The centering balloon system provided more uniform circumferential light delivery to esophageal mucosa and eliminated irregular light delivery and the "hill and valley" effect due to the shadowing by esophageal folds in the nondistended esophagus. Nonetheless, small untreated areas were occasionally seen following balloon PDT requiring a second light exposure using the diffuser system.

In all patients, full repair of the damaged mucosa required approximately 3 months. Healing was associated with mucosal repair or with the appearance of granulation tissue in areas where the mucosa had been totally destroyed. Epitheliation occurred next. Sites of previous Barrett's mucosa were replaced completely or partially with squamous epithelium beginning at 2-3 months. Lugol's staining was used to identify patches of residual Barrett's mucosa from squamous epithelium in treated areas as sometimes it was difficult to determine what was squamous with erythema versus residual Barrett's. Multiple biopsies of squamous areas, including "jumbo" biopsies in most, demonstrated no underlying glandular mucosa in 43 patients. However, in 2 patients who healed with squamous epithelium, esophageal biopsies revealed minimal foci of sub-squamous Barrett's non-metaplastic epithelium.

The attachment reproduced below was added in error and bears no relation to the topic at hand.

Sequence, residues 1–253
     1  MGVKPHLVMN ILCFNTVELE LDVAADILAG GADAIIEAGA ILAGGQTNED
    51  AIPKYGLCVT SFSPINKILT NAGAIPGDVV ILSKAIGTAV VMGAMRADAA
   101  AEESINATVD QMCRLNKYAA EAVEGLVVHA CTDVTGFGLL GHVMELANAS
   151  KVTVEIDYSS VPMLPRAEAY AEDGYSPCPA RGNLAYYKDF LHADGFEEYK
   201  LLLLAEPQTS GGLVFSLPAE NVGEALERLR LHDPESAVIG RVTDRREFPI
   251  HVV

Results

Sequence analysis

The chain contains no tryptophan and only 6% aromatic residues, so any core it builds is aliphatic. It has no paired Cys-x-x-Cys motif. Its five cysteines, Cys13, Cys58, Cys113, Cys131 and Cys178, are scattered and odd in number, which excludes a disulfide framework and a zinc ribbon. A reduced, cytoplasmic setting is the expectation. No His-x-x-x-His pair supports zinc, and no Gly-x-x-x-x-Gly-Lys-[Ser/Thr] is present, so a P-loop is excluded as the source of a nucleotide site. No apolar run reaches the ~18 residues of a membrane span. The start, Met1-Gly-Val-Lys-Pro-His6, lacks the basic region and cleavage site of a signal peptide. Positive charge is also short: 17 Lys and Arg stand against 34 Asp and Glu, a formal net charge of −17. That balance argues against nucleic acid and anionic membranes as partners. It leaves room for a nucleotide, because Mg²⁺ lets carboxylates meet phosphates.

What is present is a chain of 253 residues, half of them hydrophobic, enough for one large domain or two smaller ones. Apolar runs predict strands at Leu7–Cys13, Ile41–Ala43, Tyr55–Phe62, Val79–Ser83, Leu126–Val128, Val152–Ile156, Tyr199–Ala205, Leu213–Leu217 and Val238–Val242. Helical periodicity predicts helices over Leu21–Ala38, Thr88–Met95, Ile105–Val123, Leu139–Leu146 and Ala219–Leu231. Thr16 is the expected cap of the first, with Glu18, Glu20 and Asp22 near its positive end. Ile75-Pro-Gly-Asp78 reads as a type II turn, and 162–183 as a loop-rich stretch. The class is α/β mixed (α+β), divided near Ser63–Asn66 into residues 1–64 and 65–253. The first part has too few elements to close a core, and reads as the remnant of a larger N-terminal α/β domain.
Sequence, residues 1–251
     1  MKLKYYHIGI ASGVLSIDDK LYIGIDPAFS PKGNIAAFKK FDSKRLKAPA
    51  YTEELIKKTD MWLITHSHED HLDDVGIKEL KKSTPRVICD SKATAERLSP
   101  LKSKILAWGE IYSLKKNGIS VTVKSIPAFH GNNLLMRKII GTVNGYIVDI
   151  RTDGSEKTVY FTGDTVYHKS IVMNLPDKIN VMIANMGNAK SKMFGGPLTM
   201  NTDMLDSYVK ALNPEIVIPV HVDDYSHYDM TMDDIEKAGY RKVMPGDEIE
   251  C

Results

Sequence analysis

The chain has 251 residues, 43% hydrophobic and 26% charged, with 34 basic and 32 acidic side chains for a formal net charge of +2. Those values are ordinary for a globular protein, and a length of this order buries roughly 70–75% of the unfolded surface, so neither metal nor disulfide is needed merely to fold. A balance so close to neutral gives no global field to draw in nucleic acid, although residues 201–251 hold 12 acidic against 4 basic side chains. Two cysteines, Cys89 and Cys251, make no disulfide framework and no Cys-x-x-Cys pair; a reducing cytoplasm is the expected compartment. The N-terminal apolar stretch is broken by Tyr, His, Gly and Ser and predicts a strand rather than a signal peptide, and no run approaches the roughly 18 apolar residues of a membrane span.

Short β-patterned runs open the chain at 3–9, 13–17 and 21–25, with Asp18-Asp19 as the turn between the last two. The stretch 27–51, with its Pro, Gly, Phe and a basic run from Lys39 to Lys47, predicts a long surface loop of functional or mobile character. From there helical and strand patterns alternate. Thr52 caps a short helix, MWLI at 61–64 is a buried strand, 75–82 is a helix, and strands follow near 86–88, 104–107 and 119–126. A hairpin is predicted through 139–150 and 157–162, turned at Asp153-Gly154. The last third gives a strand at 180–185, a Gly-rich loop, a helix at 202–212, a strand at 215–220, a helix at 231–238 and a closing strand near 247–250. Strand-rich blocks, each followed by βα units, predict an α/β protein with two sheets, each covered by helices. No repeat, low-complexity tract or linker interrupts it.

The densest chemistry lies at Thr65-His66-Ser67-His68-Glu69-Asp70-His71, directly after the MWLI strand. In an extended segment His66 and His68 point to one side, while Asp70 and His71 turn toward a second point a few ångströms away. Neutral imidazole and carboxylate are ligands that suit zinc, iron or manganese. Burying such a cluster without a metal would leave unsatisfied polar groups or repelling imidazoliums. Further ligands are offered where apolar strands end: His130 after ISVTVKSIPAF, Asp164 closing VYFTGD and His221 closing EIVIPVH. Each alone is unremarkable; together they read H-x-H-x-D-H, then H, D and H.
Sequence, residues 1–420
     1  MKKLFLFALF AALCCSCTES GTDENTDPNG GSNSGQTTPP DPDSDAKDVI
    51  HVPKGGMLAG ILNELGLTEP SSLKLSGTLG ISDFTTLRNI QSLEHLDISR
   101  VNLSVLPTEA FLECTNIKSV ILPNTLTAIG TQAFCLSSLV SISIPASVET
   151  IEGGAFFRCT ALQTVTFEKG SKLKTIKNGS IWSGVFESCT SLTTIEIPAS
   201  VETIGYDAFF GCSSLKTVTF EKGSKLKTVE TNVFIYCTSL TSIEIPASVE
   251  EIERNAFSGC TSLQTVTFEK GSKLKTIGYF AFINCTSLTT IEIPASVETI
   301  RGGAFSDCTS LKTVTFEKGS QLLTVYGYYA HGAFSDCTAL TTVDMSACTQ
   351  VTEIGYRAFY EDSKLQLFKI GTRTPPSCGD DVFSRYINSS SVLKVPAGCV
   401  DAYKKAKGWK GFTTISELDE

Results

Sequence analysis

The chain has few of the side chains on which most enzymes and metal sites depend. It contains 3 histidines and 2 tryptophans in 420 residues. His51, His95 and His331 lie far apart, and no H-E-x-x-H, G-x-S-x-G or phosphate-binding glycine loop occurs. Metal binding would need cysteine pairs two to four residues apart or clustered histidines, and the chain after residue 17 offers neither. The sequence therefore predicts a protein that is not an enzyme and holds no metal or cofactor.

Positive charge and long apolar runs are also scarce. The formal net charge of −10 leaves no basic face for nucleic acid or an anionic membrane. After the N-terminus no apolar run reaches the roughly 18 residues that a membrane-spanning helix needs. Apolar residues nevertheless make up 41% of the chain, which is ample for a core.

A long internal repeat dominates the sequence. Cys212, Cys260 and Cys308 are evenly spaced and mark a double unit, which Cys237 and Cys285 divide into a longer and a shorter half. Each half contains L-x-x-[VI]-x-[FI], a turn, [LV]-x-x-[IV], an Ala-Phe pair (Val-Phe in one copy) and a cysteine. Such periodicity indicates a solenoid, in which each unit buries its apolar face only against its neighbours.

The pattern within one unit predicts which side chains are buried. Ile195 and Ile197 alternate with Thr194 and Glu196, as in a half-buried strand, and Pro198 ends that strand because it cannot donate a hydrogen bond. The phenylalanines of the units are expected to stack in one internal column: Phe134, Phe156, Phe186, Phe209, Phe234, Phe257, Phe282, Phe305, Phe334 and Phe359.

Complete elimination of Barrett's mucosa was found in 16 patients following PDT. Esophageal biopsies in these patients demonstrated no Barrett's epithelium. Reduction of the amount of the surface area of Barrett's mucosa was noted in all cases. In other patients, an estimated 75-80% of treated mucosa was replaced with squamous epithelium. In addition, in the 29 patients who received PDT beginning at the squamocolumnar junction and extending distally, the squamocolumnar junction migrated distally an average distance of 4.8 cm (range 0-15.5 cm) including 4 patients with less than 3 cm of Barrett's mucosa prior to PDT. In patients receiving PDT targeted to early cancers only, the treated areas were replaced entirely with squamous epithelium.

Following PDT, 42 of the 55 (76%) patients had conversion of dysplastic/malignant Barrett's mucosa to normal squamous or Barrett's mucosa without dysplasia (Table I). Of these, 33 required one PDT treatment (1-2 light exposures per treatment), 6 required
2 treatments and 3 patients required 3 treatments.

Table I. Results of photodynamic therapy (PDT) i